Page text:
Monday, January 30, 2012

This Son of Yours

'angry face' photo (c) 2008, Graeme Maclean - license: http://creativecommons.org/licenses/by/2.0/
I've written about the older brother in the story of the prodigal son before. Because I've been a Christian my whole life, I've always identified with him more than with the son who ran away.

Yesterday our pastor Bill spoke about the older brother. During his reading of the passage in Luke, one phrase jumped out at me that I hadn't ever noticed before. I've resonated with the older son's attitude, but hadn't paid attention to the words a whole lot.

The older brother is feeling slighted. He has been working in the fields and he comes home to find that there is a party going on. A party for the son who ran away. A party for the son who dishonored his family name.

And in the midst of his tirade to his father about the injustice of this situation, he says the following phrase:

"This son of yours."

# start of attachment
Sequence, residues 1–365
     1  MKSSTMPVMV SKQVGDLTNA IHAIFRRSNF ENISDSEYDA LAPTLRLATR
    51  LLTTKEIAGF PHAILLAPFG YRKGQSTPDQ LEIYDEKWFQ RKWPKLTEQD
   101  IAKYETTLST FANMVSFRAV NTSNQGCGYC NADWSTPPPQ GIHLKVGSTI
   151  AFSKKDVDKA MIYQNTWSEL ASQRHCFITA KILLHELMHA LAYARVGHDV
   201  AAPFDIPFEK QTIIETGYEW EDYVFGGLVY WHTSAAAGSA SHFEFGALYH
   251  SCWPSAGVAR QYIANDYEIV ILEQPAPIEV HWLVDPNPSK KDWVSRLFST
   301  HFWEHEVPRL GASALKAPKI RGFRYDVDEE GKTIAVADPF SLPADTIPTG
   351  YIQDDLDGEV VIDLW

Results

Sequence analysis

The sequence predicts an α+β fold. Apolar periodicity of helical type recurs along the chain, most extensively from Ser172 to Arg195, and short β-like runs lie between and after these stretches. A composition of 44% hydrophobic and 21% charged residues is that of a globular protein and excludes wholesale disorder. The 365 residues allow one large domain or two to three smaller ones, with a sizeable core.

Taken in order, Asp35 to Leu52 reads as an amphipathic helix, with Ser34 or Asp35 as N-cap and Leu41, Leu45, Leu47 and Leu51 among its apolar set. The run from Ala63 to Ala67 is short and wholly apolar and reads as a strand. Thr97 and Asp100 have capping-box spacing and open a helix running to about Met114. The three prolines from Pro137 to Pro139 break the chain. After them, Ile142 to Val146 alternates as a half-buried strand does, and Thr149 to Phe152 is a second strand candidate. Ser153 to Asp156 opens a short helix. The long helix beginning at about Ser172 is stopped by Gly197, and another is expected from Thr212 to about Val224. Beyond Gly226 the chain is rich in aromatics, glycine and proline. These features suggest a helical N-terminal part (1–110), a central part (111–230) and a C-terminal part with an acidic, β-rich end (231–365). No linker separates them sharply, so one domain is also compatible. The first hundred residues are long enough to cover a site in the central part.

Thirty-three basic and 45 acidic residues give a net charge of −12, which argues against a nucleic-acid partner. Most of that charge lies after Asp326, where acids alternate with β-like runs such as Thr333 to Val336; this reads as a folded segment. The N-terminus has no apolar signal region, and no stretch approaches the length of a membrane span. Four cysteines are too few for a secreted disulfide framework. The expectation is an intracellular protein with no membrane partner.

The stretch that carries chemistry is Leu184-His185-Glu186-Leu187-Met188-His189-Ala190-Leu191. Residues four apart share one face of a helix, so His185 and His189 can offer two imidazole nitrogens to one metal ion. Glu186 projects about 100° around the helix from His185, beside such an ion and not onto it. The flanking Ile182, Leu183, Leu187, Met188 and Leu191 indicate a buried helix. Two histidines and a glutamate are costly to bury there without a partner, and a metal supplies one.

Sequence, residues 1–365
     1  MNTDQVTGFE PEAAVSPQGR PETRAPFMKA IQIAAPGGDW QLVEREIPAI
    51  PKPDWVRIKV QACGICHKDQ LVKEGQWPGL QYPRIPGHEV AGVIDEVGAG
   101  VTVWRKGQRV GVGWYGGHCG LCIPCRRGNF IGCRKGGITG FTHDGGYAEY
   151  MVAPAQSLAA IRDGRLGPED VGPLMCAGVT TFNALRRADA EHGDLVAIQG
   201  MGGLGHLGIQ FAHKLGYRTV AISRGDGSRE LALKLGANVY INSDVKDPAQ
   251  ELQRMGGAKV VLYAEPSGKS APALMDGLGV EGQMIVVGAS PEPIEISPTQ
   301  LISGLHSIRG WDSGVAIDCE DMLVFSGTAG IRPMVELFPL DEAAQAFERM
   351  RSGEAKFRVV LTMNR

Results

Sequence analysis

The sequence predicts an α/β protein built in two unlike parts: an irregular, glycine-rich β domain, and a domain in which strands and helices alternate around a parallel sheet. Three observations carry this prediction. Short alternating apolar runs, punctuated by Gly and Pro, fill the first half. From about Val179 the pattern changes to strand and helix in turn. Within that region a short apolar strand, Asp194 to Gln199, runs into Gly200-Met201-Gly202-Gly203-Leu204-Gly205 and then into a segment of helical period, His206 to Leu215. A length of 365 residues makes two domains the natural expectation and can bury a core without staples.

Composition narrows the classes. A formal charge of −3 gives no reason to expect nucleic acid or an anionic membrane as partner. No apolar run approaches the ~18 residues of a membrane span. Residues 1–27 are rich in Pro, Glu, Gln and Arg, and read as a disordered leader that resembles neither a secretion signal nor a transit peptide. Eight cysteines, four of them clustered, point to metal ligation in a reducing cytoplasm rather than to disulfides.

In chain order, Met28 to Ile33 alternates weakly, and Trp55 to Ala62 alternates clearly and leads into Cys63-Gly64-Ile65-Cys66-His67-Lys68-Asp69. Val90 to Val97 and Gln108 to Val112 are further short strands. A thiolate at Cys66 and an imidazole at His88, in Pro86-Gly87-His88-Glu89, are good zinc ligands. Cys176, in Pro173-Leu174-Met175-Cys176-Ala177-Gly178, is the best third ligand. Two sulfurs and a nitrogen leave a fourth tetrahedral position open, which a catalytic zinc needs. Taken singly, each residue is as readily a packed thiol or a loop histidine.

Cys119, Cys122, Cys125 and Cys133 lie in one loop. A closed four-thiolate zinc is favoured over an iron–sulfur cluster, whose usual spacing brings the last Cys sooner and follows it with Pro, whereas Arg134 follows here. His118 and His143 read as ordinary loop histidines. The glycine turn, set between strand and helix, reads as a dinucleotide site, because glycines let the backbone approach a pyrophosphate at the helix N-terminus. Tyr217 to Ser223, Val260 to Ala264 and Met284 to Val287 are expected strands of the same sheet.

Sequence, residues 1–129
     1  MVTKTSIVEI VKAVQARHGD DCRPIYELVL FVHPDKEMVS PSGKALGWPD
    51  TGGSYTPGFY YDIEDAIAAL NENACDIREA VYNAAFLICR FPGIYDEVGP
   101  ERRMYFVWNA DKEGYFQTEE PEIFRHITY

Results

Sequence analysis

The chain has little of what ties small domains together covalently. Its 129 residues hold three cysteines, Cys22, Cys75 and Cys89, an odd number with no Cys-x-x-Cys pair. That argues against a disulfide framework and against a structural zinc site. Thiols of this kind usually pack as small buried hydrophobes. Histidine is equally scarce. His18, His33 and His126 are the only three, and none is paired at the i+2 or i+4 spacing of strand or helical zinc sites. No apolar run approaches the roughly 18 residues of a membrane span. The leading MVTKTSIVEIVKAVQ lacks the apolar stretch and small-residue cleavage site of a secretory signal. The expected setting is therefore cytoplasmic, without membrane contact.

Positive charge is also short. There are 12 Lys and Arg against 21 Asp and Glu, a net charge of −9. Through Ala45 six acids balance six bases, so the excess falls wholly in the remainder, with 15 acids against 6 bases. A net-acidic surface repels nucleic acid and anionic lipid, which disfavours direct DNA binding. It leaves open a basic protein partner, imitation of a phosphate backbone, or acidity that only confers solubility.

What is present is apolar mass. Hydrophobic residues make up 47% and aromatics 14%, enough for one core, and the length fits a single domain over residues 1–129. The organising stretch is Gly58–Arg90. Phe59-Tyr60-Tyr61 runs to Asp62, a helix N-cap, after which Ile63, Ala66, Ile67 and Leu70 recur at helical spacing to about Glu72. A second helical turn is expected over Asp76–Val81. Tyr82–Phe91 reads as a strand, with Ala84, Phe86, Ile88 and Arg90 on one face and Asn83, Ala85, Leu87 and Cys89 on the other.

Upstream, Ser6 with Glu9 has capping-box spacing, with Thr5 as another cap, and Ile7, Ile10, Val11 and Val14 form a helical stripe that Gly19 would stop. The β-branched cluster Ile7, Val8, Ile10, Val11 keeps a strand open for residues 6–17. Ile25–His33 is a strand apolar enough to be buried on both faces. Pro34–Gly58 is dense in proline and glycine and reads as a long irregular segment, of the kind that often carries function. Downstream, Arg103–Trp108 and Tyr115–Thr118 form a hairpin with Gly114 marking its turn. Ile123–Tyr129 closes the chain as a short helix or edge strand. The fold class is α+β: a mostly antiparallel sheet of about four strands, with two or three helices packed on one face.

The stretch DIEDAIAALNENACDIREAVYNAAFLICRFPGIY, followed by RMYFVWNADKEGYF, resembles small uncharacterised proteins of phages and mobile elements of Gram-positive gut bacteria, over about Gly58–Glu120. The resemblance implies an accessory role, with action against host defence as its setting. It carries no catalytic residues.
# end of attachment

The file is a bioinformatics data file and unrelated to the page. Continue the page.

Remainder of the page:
How have I missed that?

The older brother acknowledges that they are in the same family, but he completely separates himself from his brother.

He could have said, "this brother of mine" but that would indicate a level of closeness. There might have been some temptation to bind the two of them together. Instead, he cuts himself off from the relationship by ignoring their kinship.

I do this all the time. Every time that I talk about how "that person doesn't really represent Christianity," I'm saying, "this son of yours." Every time I talk about "that pastor" or "that church member" or "that congregation" I'm putting a wall between myself and a brother or sister in Christ. Sure, we might call ourselves Christians, but we're not really in the same family. When I deny the relationship that I have with them, it becomes easier to have an attitude that is self-righteous and judgmental.

It's okay to disagree, even to disagree strongly. But before I do that, I need to make sure that I'm approaching them not just as the Father's child, but also as my brother or sister.

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Do you ever slip into the "older brother" syndrome of separating yourself from other people of faith? What is the best way you can combat that attitude?

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